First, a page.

Thursday, March 15, 2012

Point of View - Part Three

The entire point to POV (excuse the pun!) is that we authors pick a 'side' or viewpoint, and we influence the reader to take the same viewpoint. We influence who the reader will empathise with, and who the villains will be (because in their own heads they're never villains, they're just misunderstood!).

Last week I offered up three tips on how to make readers empathise with your characters, and promised you a fourth tip today. This tip really is the most important of them all.

But first, here's another clip from my favourite TV show. Who do you empathise with most in this scene? From whose POV would you say this scene is presented?

Even if you don't watch the show and don't know who you're 'supposed' to side with, I'm pretty sure you chose a hero and a villain. Eventually.

Who did you most feel for?
Elena (the heroine of the series, whose life is in danger), Michael (the man with a knife at her back) or Klaus (the emotional blonde)? By the end of the scene, you said Klaus, right?

If you’re not a follower of the TV show you might be surprised to learn that Klaus is the show's arch enemy number one, and until this moment we viewers haven’t had much sympathy for him at all. He has single-handedly tried to kill everyone we love.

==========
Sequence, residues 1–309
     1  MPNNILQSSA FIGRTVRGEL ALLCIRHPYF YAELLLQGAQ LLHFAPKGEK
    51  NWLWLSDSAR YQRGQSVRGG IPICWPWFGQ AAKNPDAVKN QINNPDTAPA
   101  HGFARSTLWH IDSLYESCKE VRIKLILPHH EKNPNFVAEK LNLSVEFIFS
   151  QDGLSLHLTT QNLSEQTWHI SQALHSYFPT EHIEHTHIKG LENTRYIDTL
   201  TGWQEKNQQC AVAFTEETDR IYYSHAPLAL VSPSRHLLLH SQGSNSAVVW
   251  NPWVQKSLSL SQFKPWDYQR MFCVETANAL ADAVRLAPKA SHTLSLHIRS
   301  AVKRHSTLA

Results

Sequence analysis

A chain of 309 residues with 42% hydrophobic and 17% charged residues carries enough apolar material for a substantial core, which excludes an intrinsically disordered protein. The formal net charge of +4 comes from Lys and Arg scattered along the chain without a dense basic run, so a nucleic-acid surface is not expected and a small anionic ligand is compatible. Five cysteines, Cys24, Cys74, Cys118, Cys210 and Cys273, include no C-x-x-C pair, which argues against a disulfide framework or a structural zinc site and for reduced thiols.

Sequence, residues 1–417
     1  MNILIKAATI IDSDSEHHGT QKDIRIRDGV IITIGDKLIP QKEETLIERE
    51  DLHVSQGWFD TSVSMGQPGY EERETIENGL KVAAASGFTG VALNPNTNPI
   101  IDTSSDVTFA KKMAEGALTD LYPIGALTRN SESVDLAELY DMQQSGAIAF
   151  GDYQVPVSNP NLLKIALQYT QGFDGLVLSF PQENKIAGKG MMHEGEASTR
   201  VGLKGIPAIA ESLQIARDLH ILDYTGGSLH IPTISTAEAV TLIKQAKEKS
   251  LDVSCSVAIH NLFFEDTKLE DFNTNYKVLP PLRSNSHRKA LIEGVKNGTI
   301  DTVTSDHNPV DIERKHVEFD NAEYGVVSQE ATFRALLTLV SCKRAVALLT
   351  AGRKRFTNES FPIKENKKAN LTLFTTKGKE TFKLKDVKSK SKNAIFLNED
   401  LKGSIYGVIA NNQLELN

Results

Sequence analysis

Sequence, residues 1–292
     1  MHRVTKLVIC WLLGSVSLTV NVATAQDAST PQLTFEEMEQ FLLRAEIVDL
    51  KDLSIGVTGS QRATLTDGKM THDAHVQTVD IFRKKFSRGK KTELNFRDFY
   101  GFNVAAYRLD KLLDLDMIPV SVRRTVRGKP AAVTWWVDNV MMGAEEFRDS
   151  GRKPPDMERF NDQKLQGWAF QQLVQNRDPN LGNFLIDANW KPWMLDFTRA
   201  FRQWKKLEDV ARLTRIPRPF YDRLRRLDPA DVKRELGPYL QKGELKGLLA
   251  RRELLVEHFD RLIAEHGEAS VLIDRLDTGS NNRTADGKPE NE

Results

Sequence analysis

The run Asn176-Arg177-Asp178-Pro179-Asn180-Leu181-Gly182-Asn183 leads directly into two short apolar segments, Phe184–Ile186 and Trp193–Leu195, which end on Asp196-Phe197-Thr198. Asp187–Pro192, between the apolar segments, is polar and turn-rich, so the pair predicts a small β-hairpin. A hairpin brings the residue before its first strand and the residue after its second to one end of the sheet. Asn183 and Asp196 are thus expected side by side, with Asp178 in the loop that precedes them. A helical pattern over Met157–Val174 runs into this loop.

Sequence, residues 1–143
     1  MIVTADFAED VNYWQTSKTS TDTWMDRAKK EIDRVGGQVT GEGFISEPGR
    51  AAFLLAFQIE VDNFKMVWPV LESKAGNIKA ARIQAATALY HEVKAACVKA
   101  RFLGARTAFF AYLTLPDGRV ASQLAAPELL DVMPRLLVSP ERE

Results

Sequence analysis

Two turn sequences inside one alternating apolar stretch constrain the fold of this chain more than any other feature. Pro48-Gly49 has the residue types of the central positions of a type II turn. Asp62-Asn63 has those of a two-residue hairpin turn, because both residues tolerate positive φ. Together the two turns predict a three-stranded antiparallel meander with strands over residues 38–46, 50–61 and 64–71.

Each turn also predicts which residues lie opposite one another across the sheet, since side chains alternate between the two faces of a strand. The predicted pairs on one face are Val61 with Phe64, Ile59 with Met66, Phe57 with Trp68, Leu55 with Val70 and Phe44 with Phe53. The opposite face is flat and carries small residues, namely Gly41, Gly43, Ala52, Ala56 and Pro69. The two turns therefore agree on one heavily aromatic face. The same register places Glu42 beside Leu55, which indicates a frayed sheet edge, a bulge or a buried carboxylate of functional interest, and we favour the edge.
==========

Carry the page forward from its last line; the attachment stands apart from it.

And yet in this scene we feel for him. We side with him. We even see much of this scene from his POV. We're moved to care about him.

And the reason is because in this scene we are given a glimpse of his motivation. We see the son who has battled all his life for his father's approval, and we understand now what drives him. We no longer see him as a one-dimensional cut-out of pure evil. We see him as someone who has become the way he is because he was unloved and under-valued by his father.

Every How To Write books says the same thing. You need conflict on every page. But conflict isn't an argument. Conflict isn't the threat of a knife in your back. It's the fear, it's the anger. Conflict in this scene is the showdown between a father and son after a lifetime of hurt and hate.

Use your character's point of view to reveal their motivation. Build the conflict between the characters by motivating why they do what they do. And you will have added a whole new depth not only to the POV but to your story.

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